We recognise the courage and strength of the survivors in giving testimony to the Commission. We are glad their painful stories will be preserved as a testament and a warning that such things should never have happened, and should not happen again. Anglican Church apologies, before and during the time of the Commission, can never adequately express the ongoing regret that these appalling acts should have been perpetrated on vulnerable children.

We also recognise the arduous and distressing task it has been for the Commissioners and staff to hear so many horrific stories of sexual abuse in institutions across the country.

Australia owes a debt of gratitude to the chair, Justice Peter McClellan, the Commissioners, Counsels assisting, and the entire staff of the Royal Commission.

We look forward to studying the final report so that we, as the Anglican Church, might examine the recommendations and where there are still things for us to do, we shall attend to these with rigour, compassion and integrity.

Dr Glenn N Davies
Archbishop of Sydney
15 December 2017.


A Statement from the Global South Primates regarding the ACNA

Posted on December 15, 2017 
Filed under Anglican Communion

“In 2015, the Global South Primates stated in their communique ‘We rejoiced to welcome the Anglican Church in North America as a partner province to the Global South, represented by its Archbishop, the Most Reverend Foley Beach.’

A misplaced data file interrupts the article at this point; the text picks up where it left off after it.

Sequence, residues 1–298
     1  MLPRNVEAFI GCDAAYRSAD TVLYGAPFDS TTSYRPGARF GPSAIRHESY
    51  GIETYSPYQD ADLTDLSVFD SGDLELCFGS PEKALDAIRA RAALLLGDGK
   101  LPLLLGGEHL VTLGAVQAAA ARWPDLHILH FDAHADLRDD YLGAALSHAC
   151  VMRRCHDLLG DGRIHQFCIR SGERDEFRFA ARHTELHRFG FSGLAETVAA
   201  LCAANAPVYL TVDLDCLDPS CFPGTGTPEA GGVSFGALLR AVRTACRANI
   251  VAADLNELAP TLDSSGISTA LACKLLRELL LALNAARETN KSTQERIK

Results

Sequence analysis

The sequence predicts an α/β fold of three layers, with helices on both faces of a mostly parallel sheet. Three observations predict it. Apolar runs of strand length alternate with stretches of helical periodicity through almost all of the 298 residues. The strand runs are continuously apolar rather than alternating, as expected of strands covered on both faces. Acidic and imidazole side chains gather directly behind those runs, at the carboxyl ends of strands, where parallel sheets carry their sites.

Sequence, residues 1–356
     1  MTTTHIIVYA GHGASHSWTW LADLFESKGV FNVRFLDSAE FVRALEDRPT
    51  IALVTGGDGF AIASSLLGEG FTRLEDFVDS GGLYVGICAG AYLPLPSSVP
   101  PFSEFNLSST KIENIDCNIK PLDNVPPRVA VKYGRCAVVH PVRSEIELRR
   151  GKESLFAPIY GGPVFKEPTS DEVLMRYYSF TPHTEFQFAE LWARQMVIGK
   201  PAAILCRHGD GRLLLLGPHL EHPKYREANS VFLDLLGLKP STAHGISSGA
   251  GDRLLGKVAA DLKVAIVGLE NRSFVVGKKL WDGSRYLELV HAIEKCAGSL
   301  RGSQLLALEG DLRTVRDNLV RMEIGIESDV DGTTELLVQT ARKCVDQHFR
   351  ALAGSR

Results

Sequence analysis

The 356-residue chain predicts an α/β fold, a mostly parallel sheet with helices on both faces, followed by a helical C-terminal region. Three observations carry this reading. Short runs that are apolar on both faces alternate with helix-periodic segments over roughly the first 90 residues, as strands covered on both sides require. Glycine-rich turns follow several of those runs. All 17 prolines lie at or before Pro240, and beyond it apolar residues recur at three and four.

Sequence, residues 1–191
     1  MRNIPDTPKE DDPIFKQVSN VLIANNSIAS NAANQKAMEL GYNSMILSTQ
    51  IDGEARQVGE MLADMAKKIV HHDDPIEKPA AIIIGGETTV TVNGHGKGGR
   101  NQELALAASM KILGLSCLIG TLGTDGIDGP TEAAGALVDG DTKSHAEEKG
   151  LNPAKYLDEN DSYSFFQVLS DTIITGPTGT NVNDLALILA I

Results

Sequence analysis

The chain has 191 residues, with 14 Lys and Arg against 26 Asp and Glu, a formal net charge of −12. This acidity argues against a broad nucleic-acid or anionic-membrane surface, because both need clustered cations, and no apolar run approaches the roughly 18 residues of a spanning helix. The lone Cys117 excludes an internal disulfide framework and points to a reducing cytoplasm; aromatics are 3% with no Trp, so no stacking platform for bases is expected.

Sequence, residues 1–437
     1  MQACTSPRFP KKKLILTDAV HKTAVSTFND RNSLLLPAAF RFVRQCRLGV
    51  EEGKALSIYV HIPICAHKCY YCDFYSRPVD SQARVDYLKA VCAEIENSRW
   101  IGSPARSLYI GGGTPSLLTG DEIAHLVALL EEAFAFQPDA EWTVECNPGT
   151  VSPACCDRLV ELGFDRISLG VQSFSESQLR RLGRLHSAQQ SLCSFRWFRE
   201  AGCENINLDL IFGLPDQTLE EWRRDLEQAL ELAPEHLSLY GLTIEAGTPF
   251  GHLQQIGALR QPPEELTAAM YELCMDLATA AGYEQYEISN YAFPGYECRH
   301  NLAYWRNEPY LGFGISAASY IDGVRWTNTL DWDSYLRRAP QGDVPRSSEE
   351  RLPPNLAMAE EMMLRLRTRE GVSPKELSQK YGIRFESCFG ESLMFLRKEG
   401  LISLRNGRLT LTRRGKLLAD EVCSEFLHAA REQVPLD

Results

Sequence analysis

This decision of the Global South Primates came after more than a decade of successive events, and gave the Anglican Church in North America seat, voice, and vote in Global South.

In 2016 the Global South Primates elected the Archbishop of the Anglican Church in North America, The Most Rev. Dr. Foley Beach, to the Steering Committee of Global South. We will hereby discuss the events that led to our affirmation of the Anglican Church in North America. …

In light of recent events within the Anglican Communion, we unashamedly remain in full communion with our brothers and sisters in the Anglican Church in North America.”

– Read the full statement from The Global South Anglican Primates.